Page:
American presidential debates in the modern era have a storied history — and an equally storied history of gaffes and fumbles that turned the course of a campaign.

It is a commonplace thought that then-Vice President Richard Nixon’s subpar performance versus then-Sen. John F. Kennedy in 1960 led, in part (Democratic vote fraud was also involved), to his defeat.

President Gerald Ford’s bizarre insistence, in a 1976 debate with former Georgia Gov. Jimmy Carter, that the Soviets did not dominate Eastern Europe, helped sink his candidacy.

President Jimmy Carter’s folding against former California Gov. Ronald Reagan’s debate critiques in 1980 turned the tide for the challenger’s election.

Former Vice President Walter Mondale’s 1984 debate announcement that he would raise taxes ended his own prospects.

We could go on: Massachusetts Gov. Mike Dukakis’s inability to emote in 1988; President George H.W. Bush checking his watch in 1992; Vice President Al Gore’s self-defeating colorlessness in 2000, and so on. Debates are rich in opportunity and fraught with existential danger for candidates, and that is why we have such an extensive catalog of candidacy-ending episodes within them across the past three generations.

None of them — not one — comes even close to the disaster endured by President Joe Biden on the evening of Thursday, June 27th.

Endured is perhaps the wrong word, as it suggests an outside phenomenon inflicted upon a victim. Chosen is more apt, because the historically early debate was a positive choice made by the Biden campaign. They proposed it, and challenger President Donald J. Trump accepted it. They wanted it — and they got it.

What they got was what all of America saw that evening: a doddering, soft-spoken, confused, and senescent man, unfit for the task at hand — to say nothing of the task of the presidency. From the opening, the president was perplexed at best and belligerently baffled at worst, descending alternately into malapropism, non sequitur and incoherence.

He was, in other words, exactly who Department of Justice Special Counsel Robert Hur said he was in his report several months back–in which he described the president as unfit to withstand prosecution.

Hur then was subjected to a barrage of abuse and invective from regime media and officeholders, all of whom insisted that Biden was perfectly sharp, perfectly capable, and perfectly sound. Hur now is owed an apology which he will not get.

All America has seen it, and they know: their president is simply not there.

This raises two questions, both of them urgent for every American, who after all have the right to self-governance. The first question is who did this to the president, who by all rights should be well offstage at this point in his physical and mental decline.

The unfortunate probability is that there are plenty of people at high levels on the left who know that Biden is unfit — but they are divided on a possible successor. They know full well that Vice President Kamala Harris, who is in full command of her faculties, is still less competent (and less popular) than Joe Biden in senility.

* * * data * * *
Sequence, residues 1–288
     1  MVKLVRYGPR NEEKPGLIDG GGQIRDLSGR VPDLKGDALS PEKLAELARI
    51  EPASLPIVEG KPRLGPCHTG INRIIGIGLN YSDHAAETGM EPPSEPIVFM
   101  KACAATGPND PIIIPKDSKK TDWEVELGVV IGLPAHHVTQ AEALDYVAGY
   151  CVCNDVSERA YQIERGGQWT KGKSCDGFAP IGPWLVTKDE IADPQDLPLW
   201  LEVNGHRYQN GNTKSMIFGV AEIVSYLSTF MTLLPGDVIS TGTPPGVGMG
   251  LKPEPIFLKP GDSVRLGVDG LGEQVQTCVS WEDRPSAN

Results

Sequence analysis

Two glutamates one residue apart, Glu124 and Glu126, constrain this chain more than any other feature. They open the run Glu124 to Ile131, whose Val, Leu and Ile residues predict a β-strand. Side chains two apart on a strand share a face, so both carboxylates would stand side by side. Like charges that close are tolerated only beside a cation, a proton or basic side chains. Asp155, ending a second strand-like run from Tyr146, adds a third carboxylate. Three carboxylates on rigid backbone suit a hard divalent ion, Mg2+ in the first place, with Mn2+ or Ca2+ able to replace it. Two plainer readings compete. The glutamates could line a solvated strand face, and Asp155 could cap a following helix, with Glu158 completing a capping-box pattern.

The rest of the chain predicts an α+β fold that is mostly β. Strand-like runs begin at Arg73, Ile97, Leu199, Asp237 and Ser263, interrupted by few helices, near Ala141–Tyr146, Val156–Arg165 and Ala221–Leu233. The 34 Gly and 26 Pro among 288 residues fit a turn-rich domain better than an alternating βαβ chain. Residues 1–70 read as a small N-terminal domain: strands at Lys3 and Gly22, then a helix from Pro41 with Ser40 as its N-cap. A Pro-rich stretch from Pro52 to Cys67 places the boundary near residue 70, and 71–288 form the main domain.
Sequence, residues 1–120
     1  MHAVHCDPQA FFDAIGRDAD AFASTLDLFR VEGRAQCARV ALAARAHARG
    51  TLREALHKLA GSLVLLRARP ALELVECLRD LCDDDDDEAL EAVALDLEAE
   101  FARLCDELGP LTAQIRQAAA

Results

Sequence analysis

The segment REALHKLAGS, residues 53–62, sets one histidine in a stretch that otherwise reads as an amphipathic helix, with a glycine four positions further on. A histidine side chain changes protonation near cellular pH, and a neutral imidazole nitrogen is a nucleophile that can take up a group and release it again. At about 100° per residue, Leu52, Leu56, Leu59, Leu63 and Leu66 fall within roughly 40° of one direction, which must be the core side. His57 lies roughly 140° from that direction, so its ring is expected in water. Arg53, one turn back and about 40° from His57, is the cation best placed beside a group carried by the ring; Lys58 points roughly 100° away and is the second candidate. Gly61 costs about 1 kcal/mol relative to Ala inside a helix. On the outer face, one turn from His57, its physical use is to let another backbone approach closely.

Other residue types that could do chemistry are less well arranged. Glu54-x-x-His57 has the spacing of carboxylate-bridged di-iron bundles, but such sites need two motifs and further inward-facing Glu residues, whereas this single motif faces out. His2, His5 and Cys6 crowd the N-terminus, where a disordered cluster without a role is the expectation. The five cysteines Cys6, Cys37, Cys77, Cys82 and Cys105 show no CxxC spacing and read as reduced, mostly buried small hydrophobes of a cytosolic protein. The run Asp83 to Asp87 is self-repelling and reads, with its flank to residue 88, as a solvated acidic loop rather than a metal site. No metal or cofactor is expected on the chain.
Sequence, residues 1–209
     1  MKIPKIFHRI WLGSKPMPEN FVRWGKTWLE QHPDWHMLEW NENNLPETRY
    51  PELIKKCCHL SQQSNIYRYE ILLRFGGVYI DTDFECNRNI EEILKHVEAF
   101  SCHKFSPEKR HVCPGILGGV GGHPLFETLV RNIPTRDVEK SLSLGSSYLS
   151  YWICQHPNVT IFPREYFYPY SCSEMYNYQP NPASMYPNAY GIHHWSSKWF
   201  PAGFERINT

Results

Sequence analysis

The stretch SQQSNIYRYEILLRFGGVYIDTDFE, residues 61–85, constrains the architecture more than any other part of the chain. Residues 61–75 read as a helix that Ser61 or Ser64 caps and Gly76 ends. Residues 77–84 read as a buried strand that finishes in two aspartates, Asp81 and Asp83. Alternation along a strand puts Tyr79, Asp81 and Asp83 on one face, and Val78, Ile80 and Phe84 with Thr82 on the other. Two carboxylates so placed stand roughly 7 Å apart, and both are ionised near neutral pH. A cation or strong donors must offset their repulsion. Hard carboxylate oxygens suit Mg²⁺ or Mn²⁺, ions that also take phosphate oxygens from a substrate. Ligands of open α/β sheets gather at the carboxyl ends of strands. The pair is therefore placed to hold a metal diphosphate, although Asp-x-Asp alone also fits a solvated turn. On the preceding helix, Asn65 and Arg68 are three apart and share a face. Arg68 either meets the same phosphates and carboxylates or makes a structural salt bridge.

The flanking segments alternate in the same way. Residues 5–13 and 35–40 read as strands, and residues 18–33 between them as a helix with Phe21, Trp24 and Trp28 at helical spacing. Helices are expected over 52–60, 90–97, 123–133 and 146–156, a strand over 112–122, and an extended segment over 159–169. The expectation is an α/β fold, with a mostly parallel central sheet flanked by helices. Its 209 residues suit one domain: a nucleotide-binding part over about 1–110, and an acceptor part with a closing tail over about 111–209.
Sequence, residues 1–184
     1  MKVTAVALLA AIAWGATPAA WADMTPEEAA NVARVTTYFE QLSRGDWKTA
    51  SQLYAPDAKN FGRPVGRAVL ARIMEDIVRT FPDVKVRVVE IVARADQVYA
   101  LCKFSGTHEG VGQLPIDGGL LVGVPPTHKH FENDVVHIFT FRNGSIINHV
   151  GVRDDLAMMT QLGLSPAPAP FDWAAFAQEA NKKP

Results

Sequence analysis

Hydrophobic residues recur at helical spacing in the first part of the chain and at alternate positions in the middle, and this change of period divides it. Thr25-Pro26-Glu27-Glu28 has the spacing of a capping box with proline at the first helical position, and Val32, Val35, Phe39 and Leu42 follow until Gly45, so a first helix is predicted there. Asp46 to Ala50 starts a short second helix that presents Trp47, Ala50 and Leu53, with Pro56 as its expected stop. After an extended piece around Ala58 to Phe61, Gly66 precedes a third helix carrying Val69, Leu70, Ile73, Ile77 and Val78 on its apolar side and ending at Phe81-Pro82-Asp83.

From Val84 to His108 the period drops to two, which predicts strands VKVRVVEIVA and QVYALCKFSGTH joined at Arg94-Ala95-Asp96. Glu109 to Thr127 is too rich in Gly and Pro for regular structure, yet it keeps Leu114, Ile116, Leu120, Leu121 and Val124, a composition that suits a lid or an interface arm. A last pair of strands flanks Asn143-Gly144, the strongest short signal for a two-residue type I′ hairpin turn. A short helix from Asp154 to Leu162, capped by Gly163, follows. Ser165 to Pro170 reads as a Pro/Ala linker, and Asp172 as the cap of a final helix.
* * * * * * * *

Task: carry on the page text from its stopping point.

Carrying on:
They also know that she will not step aside out of any sense of stewardship, and they are ideologically unable to openly oppose someone who checks the “intersectional” boxes she does. So, in a nice irony, they stay with the elderly white male. The inexorable processes of ballot qualifications and nominations also mean that with every passing day, it is sink or swim for the Democrats with Joe.

The other question raised is who, exactly, is running the executive branch of the federal government right now. It sure isn’t the elected president of the United States. So, who is in charge? Who is making decisions? It is such a basic and compelling question that if we had a media, it might ask.

It is a real mask-off moment for the regime, which has propelled itself forward on the force of increasingly implausible narratives on nearly every topic. Now its central fiction is exposed — that the figurehead actually rules — and there is a sense that if this can be false, then so is everything else. That sense is correct, and there will be consequences to come.

Of course, the historic collapse of the Biden campaign in this debate is not solely a function of the candidate’s incompetence. There is also the other candidate — the once and increasingly likely the future President Donald J. Trump, who was coherent where his opponent was unclear, and deft and fluid where his opponent was entrapped in his own plodding thoughts.

Trump could have won the debate by simply allowing Biden to defeat himself, but he went a step beyond that, displaying a command of narrative and a quick gift for repartee that provided a clear alternative to the incumbent.

The instant reactions to the debate, across the networks, attested to his success in this vein: Nearly everywhere you looked, confidence in Trump went up and in Biden went down. CNN’s own instant poll showed debate watchers more confident in Trump’s ability to handle the presidency than in Biden’s at a margin of over two to one.

Also attesting to Trump’s success: the now-open panic in leftist media and political circles. They know what they have, and they know what’s coming. But, like the Biden campaign choosing this debate, they wanted this — and they are going to get it.

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